Discrimination and The Equality and Human Rights Commission - FAQs
With the recent threat of eviction of asylum seekers living in SERCO manged properties in Glasgow, the windrush scandal and the possibility of Right to Rent being rolled out in Scotland, discrimination and housing rights are now very firmly on the agenda. Ross Mathers from the Equality and Human Rights Commission Scotland sets out some frequently asked questions and useful resources for housing professionals.
Despite the inclusion in the Equality Act 2010 of specific provisions that relate to housing, discrimination in the Scottish housing sector remains a widespread problem. Solutions for victims of discrimination are often difficult to find due to a lack of understanding of the interaction between equality law and housing law.
If you’re an adviser, lawyer or anyone else who works with people who have been the victims of discrimination, the Equality and Human Rights Commission is there to help. As a starting point for understanding discrimination, the Commission has launched a series of new ‘Discrimination Explained’ videos which can be found on the Commission’s website and its YouTube channel.
What is the Commission?
The Commission, which was set up in 2006, is Britain’s national equality body and operates independently from the Government. The Commission has offices in Glasgow, Cardiff, Manchester and London.
What does the Commission do?
It is the Commission’s job to make Britain fairer by safeguarding and enforcing the laws that protect people’s rights to fairness, dignity and respect. The Commission aims to eliminate unlawful discrimination, and to make human rights and freedoms a reality for everyone. It has the power to advise parliament, conduct research, hold inquiries, review and enforce the law, provide guidance, influence policy, challenge unfair laws and practices, and provide legal assistance to individuals who have been the victims of discrimination.
How does the law protect people from discrimination?
The Equality Act 2010 provides Britain with a legal framework which protects people from unlawful discrimination, harassment and victimisation. Everyone is protected by the Act if they are treated unfairly because of one or more of the nine protected characteristics: age, disability, gender reassignment, marriage and civil partnership, pregnancy and maternity, race, religion or belief, sex, and sexual orientation.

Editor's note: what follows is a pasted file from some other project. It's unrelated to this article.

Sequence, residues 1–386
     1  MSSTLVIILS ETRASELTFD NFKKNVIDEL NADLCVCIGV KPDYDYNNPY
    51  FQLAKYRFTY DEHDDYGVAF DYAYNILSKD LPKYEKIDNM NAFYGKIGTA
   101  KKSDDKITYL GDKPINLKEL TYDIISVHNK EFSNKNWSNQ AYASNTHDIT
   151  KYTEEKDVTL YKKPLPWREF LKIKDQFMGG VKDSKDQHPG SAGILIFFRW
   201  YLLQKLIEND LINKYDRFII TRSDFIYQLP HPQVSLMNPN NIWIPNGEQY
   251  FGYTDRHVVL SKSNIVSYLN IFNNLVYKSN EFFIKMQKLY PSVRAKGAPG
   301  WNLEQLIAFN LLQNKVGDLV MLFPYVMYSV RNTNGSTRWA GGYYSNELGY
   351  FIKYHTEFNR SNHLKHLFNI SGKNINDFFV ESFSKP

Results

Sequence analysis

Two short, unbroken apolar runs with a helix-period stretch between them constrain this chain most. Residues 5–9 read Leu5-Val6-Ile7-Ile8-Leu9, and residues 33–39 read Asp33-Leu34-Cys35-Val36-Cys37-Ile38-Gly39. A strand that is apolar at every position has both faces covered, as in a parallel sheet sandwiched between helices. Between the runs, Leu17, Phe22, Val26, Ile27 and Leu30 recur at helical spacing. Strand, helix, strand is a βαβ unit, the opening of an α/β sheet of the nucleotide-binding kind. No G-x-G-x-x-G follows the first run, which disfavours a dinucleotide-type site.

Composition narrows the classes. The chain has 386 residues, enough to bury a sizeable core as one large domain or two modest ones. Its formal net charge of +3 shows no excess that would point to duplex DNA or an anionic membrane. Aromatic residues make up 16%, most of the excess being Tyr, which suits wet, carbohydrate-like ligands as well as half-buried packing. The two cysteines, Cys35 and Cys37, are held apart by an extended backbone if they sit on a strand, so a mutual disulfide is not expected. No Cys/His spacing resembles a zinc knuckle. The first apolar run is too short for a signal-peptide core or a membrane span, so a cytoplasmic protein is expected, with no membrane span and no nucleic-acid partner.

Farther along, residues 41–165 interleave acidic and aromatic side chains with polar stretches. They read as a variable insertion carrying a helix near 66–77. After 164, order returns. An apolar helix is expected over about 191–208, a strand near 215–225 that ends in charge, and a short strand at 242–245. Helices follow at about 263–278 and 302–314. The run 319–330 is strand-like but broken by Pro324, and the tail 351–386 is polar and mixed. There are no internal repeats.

There are several different forms which discrimination can take including direct discrimination, indirect discrimination, discrimination arising from disability, failure to make reasonable adjustments, harassment and victimisation.
Each of the protected characteristics, and the various different forms of discrimination, are covered by the Commission’s new 'Discrimination Explained' videos.
How can the Commission help me?
- The Commission’s website provides guidance and advice on a range of equality and human rights issues.
- For advisers, lawyers and other frontline staff in Scotland the Commission provides high quality advice on equality and human rights law through its EHRC Adviser Support service which is available Monday-Friday. Members of the public who may have experienced discrimination should contact the Equality Advisory and Support Service.
- To sign up to the Scotland legal team’s eBulletin, which includes articles, news, developments in equality and human rights law, publications and details of upcoming events, you can do so by e-mailing your name to email@example.com
- The Commission’s legal team are always interested in hearing from advisers, and solicitors who have cases which involve potential discrimination. In some cases, where the Commission has a particular strategic interest, legal assistance and/or funding may be provided. The Scotland Legal team can be contacted here.
In May, Shelter Scotland published a book by Adrian Stalker, an advocate and expert in housing law, Housing and Equality Law in Scotland, which was funded by the Commission. In addition they have published a series of leaflets addressing key issues relating to housing and equality. Copies of the book and leaflets are free, and may be obtained by contacting Colette Aitchison at firstname.lastname@example.org
As part of the work which developed these resources, Shelter Scotland also offers a bespoke online learning tool, available for anyone, which is accessible here.